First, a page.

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Nano-Opto-Mechanics: Using Light Forces in Guided-Wave Nanostructures

MATT EICHENFIELD, RYAN M. CAMACHO, JASPER CHAN, QIANG LIN, JESSIE ROSENBERG, AMIR H. SAFAVI-NAEINI, AND OSKAR PAINTER

California Institute of Technology

Pasadena, California


Kepler and Newton were the first to propose that light has momentum and can exert a mechanical force. The interaction of light with mechanical vibrations, in the form of Brillouin and Raman scattering, has been known since the 1920s and has many practical applications in the fields of spectroscopy and optoelectronics. With the advent of the laser in the 1960s, it became possible to manipulate micron-scale dielectric particles using optical “tweezers,” a technique developed by Art Ashkin (1970). This was also the beginning of the use of laser beams for trapping and manipuling gas-phase atoms, which ultimately led to the demonstration of atomic Bose-Einstein condensates.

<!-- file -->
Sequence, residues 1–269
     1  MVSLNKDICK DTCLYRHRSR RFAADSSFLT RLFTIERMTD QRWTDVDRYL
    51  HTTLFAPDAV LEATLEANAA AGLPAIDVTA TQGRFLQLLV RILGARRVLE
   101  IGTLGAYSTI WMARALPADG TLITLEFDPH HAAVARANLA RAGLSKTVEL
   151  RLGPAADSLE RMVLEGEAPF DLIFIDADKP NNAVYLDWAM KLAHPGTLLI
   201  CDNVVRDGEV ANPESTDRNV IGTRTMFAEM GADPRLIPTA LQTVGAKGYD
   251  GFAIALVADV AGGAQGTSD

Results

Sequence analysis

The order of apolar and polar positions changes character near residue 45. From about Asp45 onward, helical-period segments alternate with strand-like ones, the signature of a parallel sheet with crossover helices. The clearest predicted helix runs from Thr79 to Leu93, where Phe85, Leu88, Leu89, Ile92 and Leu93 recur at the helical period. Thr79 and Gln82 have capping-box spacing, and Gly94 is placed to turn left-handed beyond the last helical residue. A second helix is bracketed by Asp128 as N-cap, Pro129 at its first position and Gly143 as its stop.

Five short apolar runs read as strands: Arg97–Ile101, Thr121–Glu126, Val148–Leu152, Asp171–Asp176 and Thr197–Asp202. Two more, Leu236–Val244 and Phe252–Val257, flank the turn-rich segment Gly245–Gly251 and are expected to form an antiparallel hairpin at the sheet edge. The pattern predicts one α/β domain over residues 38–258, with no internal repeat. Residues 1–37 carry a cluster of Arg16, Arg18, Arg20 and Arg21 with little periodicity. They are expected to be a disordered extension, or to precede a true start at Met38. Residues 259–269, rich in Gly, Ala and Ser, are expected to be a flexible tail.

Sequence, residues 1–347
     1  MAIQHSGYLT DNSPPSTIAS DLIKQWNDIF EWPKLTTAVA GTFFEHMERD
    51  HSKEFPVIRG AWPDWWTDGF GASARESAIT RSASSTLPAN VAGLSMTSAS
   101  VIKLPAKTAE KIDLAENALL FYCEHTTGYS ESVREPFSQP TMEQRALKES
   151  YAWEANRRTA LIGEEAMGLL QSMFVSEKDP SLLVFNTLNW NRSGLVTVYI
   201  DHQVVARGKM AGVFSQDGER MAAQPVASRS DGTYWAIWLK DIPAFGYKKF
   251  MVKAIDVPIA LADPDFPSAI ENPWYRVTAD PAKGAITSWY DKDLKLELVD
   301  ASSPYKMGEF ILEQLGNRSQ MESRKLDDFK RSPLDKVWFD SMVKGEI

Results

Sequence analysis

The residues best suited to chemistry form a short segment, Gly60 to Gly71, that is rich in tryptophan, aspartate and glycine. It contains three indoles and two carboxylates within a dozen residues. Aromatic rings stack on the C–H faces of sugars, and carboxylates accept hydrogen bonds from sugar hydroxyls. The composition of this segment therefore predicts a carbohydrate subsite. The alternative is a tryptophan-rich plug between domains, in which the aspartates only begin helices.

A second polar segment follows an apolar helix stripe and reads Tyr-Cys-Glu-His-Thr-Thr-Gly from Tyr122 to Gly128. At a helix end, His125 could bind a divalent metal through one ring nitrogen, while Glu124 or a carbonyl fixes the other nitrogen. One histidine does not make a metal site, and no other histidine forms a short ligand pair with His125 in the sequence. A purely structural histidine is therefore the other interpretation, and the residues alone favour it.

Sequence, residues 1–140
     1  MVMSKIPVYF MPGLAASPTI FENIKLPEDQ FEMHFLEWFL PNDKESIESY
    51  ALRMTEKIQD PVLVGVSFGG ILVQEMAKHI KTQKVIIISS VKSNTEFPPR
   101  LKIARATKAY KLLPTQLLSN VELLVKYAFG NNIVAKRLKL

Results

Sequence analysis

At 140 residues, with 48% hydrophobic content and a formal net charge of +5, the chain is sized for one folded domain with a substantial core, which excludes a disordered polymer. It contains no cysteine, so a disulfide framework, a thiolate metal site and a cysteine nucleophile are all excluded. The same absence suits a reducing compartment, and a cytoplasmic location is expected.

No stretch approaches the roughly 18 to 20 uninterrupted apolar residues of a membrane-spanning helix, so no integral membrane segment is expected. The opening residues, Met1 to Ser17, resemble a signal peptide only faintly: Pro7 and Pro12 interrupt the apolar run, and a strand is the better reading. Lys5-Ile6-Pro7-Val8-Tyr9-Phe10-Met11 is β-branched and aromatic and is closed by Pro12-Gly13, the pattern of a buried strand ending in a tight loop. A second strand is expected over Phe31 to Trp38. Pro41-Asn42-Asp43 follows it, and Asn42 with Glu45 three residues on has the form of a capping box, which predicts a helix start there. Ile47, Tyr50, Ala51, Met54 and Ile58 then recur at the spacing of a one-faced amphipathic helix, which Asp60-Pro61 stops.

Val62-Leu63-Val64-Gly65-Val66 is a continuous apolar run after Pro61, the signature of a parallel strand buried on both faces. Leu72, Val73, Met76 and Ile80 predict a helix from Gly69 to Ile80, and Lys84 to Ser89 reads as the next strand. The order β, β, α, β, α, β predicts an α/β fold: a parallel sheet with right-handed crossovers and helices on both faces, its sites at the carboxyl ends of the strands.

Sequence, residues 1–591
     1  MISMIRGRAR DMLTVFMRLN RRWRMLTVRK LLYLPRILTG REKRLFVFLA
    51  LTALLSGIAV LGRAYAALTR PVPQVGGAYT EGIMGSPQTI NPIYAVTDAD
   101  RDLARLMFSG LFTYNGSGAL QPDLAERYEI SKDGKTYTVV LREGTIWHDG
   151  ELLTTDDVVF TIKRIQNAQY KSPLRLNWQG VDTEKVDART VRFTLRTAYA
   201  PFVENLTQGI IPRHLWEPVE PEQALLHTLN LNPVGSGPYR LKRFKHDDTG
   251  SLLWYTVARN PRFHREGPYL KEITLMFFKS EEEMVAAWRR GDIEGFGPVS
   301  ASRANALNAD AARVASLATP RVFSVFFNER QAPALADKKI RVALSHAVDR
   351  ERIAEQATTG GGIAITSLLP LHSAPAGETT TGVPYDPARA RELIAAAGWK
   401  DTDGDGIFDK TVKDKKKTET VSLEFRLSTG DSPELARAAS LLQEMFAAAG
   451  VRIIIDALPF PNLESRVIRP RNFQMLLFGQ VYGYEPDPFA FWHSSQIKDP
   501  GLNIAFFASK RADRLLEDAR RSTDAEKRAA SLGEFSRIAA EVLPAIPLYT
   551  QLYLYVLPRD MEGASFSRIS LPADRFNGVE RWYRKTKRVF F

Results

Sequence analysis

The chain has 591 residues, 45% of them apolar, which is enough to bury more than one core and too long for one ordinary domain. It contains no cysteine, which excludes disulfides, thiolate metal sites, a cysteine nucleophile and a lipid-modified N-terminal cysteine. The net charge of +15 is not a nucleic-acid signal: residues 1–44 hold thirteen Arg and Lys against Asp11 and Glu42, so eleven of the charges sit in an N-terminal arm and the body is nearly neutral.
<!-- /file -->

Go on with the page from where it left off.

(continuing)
More recently, scientists have realized that laser light, with its very low intrinsic noise, can be used to cool a macroscopic mechanical-resonant element, and perhaps reach temperatures suitable for measuring inherently quantum mechanical behavior (Schwab and Roukes, 2005). In addition to the cooling effect, optical amplification from a continuous-wave laser beam can be used to form regenerative mechanical oscillators (Kippenberg and Vahala, 2008). These developments have stimulated interest in the new field of cavity-optomechanics, and a myriad of materials, devices, and techniques are being explored.

It is now widely understood that optical gradient forces, as opposed to the scattering radiation pressure force, can be used in guided-wave nanostructures to generate very large optomechanical couplings to micro- or nano-mechanical motion (Eichenfield et al., 2009a). In contrast to the scattering radiation pressure force, which one can intuit from the reflection of momentum-carrying photons,